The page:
~ The Ancient Herb Anise & Its Relatives

April 4th, 2011

I grew up in Kenya, a land devoid of foxes but heavily populated with the type of Englishmen who loved to ride to hounds. This was a bit pointless if you had nothing to chase. However, little comes between the English and their sport, so the drag hunt was invented. This involved filling a Hessian sack with crushed anise and dragging it across a series of muddy fields. Shortly afterwards the hounds were released to go rushing off after the scent closely followed by the men and women in pink. The unspeakable chasing, in this case, the eatable. Such was my first incongruous introduction to the wonderful, ancient herb anise.

From seizures to the cough of the common cold, anise has been here the while

To those not exposed to a drag hunt, who has not become enmeshed in the sticky luxury of a long string of licorice? Remember the tart, sharp taste? Well that is the character of anise, a star in the world of herbs!

The ancient Romans widely cultivated anise for its fragrance, flavor and medicinal properties. It was considered so valuable that the local tax collector would accept pounds of the stuff in place of coin. However, it is known in the food industry as a “polarizing character” meaning it is either loved or hated, there is no middle ground.

Anise, or to call it by its correct name, Pimpinella Anisum Umbelliferae, has been used by humans in a wide variety of roles, not the least being its reputation as an aphrodisiac. In the sixth century B.C., Pythagoras, the mathematician and philosopher, spent some time contemplating the use of anise. He believed that simply holding this herb could prevent seizures in epileptics. (No wonder he is best known as a mathematician.) One century later, Hippocrates prescribed a more reasonable use for anise and recommended it for coughs.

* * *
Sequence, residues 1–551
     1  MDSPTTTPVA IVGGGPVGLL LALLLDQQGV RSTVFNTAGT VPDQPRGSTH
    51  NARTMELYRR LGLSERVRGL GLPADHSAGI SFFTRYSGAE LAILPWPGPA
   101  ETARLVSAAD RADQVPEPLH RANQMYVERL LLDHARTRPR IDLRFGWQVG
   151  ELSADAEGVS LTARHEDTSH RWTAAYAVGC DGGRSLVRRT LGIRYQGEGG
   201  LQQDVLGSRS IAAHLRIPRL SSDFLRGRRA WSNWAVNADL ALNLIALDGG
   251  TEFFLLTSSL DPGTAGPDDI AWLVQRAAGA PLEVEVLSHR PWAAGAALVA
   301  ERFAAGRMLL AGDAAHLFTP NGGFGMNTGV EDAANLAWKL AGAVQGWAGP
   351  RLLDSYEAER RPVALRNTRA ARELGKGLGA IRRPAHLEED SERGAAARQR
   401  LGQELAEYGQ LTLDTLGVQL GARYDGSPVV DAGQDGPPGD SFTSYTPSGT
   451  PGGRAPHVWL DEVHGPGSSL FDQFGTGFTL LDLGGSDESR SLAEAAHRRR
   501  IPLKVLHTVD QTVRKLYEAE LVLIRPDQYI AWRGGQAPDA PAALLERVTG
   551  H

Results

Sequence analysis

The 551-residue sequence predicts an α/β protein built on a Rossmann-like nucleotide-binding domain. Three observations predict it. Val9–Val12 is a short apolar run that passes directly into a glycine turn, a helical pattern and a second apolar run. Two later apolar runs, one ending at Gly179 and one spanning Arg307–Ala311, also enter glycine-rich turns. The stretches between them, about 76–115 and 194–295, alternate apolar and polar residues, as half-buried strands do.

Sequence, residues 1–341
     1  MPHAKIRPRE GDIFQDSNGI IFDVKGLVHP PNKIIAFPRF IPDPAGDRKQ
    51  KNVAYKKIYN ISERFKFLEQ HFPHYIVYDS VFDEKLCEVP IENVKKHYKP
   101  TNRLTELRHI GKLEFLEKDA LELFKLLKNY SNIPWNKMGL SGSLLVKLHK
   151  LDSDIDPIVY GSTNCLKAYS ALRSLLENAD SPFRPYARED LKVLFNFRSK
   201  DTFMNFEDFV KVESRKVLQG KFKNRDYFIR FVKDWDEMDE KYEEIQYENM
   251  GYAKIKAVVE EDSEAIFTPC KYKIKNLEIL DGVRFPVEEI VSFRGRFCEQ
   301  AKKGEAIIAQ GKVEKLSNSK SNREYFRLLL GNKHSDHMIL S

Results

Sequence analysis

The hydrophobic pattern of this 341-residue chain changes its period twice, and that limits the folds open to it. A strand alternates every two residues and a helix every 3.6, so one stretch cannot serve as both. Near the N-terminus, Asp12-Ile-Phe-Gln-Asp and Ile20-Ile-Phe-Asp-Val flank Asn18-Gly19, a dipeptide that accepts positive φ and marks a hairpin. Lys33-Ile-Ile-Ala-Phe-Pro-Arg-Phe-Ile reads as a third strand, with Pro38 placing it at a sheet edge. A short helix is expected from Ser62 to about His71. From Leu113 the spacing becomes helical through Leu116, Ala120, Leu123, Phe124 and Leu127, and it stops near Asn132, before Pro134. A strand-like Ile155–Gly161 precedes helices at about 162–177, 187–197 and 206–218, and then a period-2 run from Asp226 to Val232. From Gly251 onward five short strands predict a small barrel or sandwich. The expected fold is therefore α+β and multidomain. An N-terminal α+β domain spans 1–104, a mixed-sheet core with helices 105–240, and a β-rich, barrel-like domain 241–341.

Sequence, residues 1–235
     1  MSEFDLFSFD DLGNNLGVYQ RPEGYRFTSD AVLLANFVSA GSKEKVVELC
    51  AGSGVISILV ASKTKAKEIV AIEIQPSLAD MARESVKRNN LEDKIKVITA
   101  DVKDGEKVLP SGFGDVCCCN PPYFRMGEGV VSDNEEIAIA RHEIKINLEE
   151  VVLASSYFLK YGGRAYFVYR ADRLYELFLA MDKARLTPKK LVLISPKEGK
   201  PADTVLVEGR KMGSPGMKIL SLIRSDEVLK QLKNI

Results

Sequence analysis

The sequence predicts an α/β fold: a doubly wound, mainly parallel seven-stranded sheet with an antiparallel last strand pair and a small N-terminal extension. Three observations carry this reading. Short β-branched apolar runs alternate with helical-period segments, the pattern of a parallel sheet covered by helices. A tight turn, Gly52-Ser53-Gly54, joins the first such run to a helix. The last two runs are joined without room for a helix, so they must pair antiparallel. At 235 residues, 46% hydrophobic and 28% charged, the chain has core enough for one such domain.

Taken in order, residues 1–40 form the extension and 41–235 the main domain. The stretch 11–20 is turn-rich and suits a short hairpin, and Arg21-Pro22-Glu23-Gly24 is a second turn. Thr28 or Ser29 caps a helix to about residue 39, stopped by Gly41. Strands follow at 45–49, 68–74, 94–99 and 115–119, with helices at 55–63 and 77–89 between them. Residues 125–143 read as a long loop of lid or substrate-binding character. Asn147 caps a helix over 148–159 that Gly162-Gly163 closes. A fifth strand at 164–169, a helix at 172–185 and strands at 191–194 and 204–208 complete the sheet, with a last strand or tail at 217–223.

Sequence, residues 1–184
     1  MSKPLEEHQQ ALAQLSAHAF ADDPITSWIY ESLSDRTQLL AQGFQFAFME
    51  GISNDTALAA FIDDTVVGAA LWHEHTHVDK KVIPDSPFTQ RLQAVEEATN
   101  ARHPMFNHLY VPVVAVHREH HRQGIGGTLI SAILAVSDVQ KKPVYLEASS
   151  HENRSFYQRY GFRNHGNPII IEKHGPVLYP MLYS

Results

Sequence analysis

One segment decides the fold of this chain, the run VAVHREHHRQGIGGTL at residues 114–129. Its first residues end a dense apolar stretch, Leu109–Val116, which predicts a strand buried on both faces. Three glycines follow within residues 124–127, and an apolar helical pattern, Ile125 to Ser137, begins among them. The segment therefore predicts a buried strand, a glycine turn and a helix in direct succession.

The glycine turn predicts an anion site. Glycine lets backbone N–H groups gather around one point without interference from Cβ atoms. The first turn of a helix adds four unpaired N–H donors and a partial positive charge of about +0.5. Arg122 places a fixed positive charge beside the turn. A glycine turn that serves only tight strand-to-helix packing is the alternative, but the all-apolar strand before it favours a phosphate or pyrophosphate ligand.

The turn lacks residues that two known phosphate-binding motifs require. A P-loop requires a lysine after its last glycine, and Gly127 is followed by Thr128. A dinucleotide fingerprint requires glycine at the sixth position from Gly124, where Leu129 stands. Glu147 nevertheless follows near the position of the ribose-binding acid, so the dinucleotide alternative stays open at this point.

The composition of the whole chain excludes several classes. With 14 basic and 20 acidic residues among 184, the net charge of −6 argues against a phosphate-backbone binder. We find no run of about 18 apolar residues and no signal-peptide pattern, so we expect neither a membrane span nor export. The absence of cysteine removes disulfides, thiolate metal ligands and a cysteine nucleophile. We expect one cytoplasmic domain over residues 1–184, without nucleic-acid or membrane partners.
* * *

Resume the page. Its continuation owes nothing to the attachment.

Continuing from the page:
It is actually the seeds that are harvested from the small plants which grow to be only 30 to 40 cm tall. The seeds can be crushed for teas or used intact for extraction.

As well as humans and dogs, mice find anise irresistible and in the sixteenth century, anise was used with great success as mousetrap bait. However, it is as a food and a medicine that anise found its true home, and as we enter the age of nutraceauticals, this ancient herb is proving to be ever more popular.

Because of its Roman past, anise is presumed to be native in the eastern Mediterranean region and western Asia. It is now cultivated in China, Southern Europe, the Middle East, India, the former USSR, Mexico, Turkey, Egypt and Spain.

In folk medicine, it is still used as an aphrodisiac and aniseed oil is immediately identifiable as the main flavor base of such drinks as Ouzo (Greek aniseed spirits), Pastis and Anisette (French aniseed drinks). It is also used as ingredient in Benedictine and Boonekamp, two very fine liquors.

In the world of Herbal preparations, anise is very popular in Germany. It is the constituent of numerous cough remedies, carminatives and laxatives and is used in pediatric practice being served as a tea.

In normal, non-medicinal herb teas, anise is seen in limited amounts as it is more expensive than the ubiquitous fennel. Both have a licorice note but whereas Fennel costs $1.40 a pound in tea bag cut form, the superior anise goes for around $2.50 per pound and meets the cost cutters knife when suggested by an eager herb blender. This is a shame as anise has its own distinct richness and bite that fennel does not posses.

Its true close cousin in taste is the star anise, or Illicium Verum. This is the fruit from a small evergreen tree native to China and one look at this herb and you know why it got its name. It is shaped like a star and the fruit contains an essential oil that has very similar properties to anise oil and commercially it is often used as a substitute for anise.

The tree can grow to a height of 30 feet. It is very common in Vietnam and the Yunnan province of China. It is a slow grower and only produces fruit after 15 years in the ground. However, it makes up for this by then yielding three harvests a year. The taste is very similar to Anise but slightly more bitter.

Anise, fennel and star anise all yield a certain degree of licorice taste and we have not even mentioned licorice root, but that is another story for another day.